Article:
Washington — The Reagan budget for fiscal year 1983 projects only $1.8 billion in financial aid for college students.
That's a cut of $1.9 billion, or more than half. Also, families with incomes over $15,000 would be ineligible for aid. Interest rates on federally guaranteed loans would rise significantly.
Those facts (along with the ones in the adjoining box) have the higher education community in an uproar.
At the recent annual conference of the American Association of Higher Education, held almost within shouting distance of the White House, both formal sessions and informal gatherings riveted on those facts and these implications. Particularly:
* Enrollments will drop.
* Colleges will close.
* Economy measures will mean larger classes and higher faculty-student ratios.
* This will produce fewer trained professionals at the very time that our technological society needs more and better educated workers.
* The middle-income groups will be hit the hardest.
It's been said before that many small, private liberal arts colleges will be forced out of business.
When the GI Bill began trickling out, these schools were supposed to close for lack of students--yet only a very few did.
When the baby boom was over, they were supposed to close--and a few more did.
When community colleges proliferated across the US, the small private schools were supposed to go under - and a few did.
But by and large these small quality institutions (some only moderately selective) have not only not gone out of business but have grown and apparently strengthened.
''Because,'' one journalist with two college-age children explained, ''I haven't a business to leave to my kids. What I can leave them is the best possible education.
''We'll sacrifice; both my wife and I will work; we'll give up expensive vacations; live in the old house, not the new condo.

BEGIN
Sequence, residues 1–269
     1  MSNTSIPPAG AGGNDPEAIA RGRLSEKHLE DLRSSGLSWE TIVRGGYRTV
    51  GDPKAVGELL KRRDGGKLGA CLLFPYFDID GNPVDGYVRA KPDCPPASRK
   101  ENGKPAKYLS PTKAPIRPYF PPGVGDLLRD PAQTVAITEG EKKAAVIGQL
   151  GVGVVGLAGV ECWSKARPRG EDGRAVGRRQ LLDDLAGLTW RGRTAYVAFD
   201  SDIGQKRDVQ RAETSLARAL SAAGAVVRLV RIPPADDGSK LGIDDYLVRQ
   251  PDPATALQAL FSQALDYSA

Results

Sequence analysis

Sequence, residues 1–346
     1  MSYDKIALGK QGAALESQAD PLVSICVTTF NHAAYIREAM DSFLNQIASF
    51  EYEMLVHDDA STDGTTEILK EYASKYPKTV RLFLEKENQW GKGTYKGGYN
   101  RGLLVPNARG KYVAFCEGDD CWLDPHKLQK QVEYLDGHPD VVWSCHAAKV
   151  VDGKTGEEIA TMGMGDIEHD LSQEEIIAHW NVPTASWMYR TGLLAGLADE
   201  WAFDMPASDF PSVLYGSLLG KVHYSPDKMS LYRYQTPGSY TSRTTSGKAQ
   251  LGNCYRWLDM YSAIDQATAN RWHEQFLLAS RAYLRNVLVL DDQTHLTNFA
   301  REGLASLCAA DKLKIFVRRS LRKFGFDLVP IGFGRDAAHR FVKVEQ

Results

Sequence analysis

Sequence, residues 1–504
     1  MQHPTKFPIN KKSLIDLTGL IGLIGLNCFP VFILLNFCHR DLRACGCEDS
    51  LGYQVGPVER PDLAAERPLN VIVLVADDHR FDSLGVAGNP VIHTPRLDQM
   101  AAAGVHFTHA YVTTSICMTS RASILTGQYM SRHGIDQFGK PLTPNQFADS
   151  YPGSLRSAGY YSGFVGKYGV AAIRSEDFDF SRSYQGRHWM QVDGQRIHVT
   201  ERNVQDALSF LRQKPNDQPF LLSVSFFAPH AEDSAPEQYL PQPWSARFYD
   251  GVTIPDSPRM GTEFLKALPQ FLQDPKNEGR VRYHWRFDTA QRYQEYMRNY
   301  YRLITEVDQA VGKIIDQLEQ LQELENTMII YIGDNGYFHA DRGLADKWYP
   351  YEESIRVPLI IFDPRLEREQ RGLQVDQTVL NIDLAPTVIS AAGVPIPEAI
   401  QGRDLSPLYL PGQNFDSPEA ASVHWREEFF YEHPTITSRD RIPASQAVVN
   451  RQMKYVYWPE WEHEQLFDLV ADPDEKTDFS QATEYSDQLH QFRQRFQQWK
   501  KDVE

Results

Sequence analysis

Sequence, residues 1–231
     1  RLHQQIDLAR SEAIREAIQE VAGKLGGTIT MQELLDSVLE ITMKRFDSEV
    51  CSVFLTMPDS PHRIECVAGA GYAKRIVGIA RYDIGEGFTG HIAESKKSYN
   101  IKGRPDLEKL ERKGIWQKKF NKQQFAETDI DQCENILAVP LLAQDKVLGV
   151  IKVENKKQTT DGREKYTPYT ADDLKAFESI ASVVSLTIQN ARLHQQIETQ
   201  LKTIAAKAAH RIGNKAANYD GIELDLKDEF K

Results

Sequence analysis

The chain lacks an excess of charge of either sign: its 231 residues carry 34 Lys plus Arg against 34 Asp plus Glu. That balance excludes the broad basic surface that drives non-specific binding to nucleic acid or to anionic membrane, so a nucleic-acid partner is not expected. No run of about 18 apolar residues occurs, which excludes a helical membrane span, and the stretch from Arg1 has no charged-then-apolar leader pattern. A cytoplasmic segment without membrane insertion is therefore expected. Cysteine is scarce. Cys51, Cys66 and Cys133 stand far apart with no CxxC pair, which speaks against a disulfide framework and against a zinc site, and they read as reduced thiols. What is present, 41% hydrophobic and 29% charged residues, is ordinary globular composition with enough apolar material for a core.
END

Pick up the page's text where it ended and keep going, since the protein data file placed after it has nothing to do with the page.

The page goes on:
''And we'll send them to small, selective, private liberal arts colleges if that's where they want to go and if they can get in.''
Or, as a dean of a large Midwestern university exclaimed after listening to the financial-woes blues: ''The middle class will never stand for these cuts.''
That's almost an instant cliche: ''The middle classes will never stand for it.''
But several professionals noted that middle-income families have been sending their children to college in ever increasing numbers, regardless of the financial sacrifice to them.
The reasoning goes thus. Middle-class professionals don't have farms or small businesses to leave their children. What they do have, and are providing, is at least four years at college.
They know what it means to have the tools of one's trade--and their trades start with a bachelor's degree. They want their children to have the same tools, regardless of whether their offspring take up professional careers.
They know what it means to be intellectually stimulated--academically challenged.
Hence the hue and cry raised over the change in income-level eligibility for government grants and loans coupled with drastic cuts in the amount of available aid.
College and university administrators and trustees are still turning out press releases calling friends and alumni to arms over the proposed changes in the Reagan budget and are quietly assuring themselves:
''Congress listens to the middle class and 'they' aren't going to stand for it.''